T-Mobile: Today's 4G LTE is good, but ours will be great

T-Mobile Chief Technology Officer Neville Ray tells CNET why the MetroPCS deal will give its network a turbo boost.

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T-Mobile USA

T-Mobile USA may be behind its rivals when it comes to 4G LTE, but that doesn't mean it's mincing words about its ambitions.

T-Mobile CTO Neville Ray. T-Mobile

AT&T and Verizon Wireless may be able to boast of a super-fast wireless connection now, but T-Mobile believes it can one-up both of them when it finally gets its LTE network rollout going next year.

"LTE today is good, but LTE tomorrow can be great," Ray said in an interview with CNET today. "That's the opportunity we hope to secure and differentiate ourselves with."

The key to T-Mobile's success: its recently unveiled plans to merge with MetroPCS, adding the prepaid carrier's spectrum, which conveniently sits in many of T-Mobile's key cities, to its own position. The extra capacity will allow for higher speeds, wider capacity for traffic, and overall better service, Ray said.

It's a marked reversal of rhetoric for the company, which just a year ago complained to the government that it was spectrum starved and lacked the resources to go at it alone, making the case that AT&T should swallow up the carrier.

But after a break-up fee that included spectrum and a roaming agreement worth $1 billion, parent Deutsche Telekom recommitting resources to the unit, and the recently struck deal with MetroPCS, T-Mobile is had a decidedly more optimistic perspective as it attempts to turn itself around.

T-Mobile is well behind its competitors when its comes to LTE. Verizon Wireless will cover 417 markets by next week , while AT&T and Sprint Nextel are both underway in their own deployments. T-Mobile earlier this year embarked upon a $4 billion plan to upgrade its network's HSPA+ coverage, which it calls "4G," and move to 4G LTE next year.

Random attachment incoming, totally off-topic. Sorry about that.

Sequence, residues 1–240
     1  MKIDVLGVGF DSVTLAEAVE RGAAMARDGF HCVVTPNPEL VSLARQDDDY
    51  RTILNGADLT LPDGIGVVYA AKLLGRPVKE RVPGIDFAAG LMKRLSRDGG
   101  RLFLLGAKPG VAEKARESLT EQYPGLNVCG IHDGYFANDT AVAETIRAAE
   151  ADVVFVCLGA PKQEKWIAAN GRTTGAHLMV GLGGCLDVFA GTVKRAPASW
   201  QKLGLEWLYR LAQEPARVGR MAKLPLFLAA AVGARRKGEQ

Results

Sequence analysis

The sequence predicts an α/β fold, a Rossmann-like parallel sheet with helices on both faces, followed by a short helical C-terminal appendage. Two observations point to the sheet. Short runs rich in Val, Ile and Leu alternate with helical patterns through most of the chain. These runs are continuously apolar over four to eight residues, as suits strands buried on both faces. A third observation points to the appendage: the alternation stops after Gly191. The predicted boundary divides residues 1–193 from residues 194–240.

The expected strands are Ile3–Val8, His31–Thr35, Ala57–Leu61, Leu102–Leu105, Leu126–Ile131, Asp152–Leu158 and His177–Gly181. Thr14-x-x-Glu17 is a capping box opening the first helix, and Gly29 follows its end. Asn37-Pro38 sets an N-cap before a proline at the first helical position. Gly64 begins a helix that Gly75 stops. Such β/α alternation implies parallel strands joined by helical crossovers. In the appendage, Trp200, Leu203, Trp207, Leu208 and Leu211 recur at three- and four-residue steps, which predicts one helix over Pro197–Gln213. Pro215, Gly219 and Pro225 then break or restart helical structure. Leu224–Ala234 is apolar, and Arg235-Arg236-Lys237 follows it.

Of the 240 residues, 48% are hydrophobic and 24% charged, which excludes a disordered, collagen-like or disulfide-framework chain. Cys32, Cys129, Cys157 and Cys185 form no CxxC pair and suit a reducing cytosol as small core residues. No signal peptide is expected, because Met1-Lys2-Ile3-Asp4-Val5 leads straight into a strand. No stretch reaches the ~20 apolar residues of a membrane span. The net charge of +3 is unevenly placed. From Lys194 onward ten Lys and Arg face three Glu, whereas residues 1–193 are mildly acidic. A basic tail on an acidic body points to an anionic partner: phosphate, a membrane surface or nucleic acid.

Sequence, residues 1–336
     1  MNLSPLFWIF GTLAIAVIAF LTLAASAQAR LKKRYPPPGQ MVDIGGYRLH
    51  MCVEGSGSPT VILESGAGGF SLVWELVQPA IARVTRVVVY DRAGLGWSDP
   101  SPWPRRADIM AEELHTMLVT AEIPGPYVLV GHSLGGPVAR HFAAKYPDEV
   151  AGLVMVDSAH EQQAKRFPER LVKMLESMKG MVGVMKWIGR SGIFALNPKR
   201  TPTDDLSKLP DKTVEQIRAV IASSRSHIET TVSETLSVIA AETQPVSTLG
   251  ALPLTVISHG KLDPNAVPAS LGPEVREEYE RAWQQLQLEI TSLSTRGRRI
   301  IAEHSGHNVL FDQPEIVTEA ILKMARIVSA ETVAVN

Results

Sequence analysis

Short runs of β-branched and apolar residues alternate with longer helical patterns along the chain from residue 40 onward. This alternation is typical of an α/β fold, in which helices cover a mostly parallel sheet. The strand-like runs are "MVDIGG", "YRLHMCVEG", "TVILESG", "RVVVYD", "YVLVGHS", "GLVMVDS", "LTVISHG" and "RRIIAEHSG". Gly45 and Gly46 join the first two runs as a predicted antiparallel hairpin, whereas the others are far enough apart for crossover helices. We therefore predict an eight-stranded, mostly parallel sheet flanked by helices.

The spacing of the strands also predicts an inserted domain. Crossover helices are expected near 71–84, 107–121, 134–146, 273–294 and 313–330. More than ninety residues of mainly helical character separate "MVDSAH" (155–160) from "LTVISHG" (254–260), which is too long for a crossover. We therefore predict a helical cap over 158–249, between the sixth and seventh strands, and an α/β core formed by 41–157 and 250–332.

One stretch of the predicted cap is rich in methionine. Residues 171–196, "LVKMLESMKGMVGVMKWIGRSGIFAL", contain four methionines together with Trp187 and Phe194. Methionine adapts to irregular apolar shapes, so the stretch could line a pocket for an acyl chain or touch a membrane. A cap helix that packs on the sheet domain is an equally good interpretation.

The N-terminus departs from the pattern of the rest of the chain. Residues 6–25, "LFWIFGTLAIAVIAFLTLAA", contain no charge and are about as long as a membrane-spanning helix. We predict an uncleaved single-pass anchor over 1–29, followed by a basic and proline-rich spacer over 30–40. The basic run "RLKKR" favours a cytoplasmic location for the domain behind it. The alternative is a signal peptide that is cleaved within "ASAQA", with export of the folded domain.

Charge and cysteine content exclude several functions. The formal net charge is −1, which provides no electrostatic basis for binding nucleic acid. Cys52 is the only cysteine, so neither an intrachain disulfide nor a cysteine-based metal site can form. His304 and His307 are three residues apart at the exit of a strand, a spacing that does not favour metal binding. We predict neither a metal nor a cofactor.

Ray, however, believes MetroPCS's spectrum position will effectively double the capacity and provide download and upload speeds that surpass the other carriers. Besides Verizon, which just completed a deal to acquire spectrum from the cable providers, the rest of the competition doesn't have the spectrum to match, which means lower speeds and quality of service.

Ray gave no timing on when that will happen. T-Mobile plans to reach 200 million people with LTE by the end of next year, although that estimate doesn't include the spectrum from MetroPCS. T-Mobile later confirmed that the doubling of capacity would start in 2014 with completion of the roll-out by 2015.

For example, T-Mobile and MetroPCS's combined spectrum position in New York exceeds that of every carrier, with Verizon being the closest, Ray said.

"This deal puits us in a position to jump ahead," Ray said. "It'll be in a position that will be tough to match."

Representatives from AT&T and Verizon declined to comment.

The superior service is what Ray believes will allow for a smooth transition when T-Mobile and MetroPCS merge. Some critics believe Sprint's various prepaid arms may be able to scoop up some stray customers left hanging from the deal. But Ray believes MetroPCS customers will be attracted to the nationwide network and improved coverage and phone selection.

Ray, however, didn't comment on T-Mobile's plans for pricing, and whether the carrier would offer plans that matched MetroPCS's rate.

Composite by Joe Aimonetti/CNET

It's the aggressive push to get customers off of MetroPCS's network and on to T-Mobile that have executives from both companies confident that this wouldn't be a repeat of the disastrous integration effort between Sprint and Nextel. In that case, Ray said, Nextel customers were used to a key service, the walkie-talkie feature, that Sprint couldn't replicate. T-Mobile offers all of the services MetroPCS has, and more, he said.

T-Mobile plans to shut down the MetroPCS CDMA network by 2015, decommissioning 90 percent of its cell sites. But it plans to keep 6,000 distributed antenna systems used to improved coverage inside buildings, turning those networks to ensure compatibility with HSPA+ and LTE, he said.

Until the deal closes, T-Mobile is largely relying on its HSPA+ service to keep customers in the fold. While the carrier continues to lose its most lucrative contract subscribers, it is making up for it with growth in its prepaid business.

In particular, the company recently started a campaign to bring unlocked iPhones on to its network. T-Mobile is one of the few carriers that doesn't sell the iPhone itself, but it has made itself accessible to consumers looking to switch. The new iPhone 5 is already on its network, Ray said.

He added that T-Mobile's planned network deployment uses compatible bands of spectrum as AT&T and Verizon, allowing for even more phones to be moved over to T-Mobile over time.

If the performance of its network lives up to Ray's claims, it could be an attractive offer.

 

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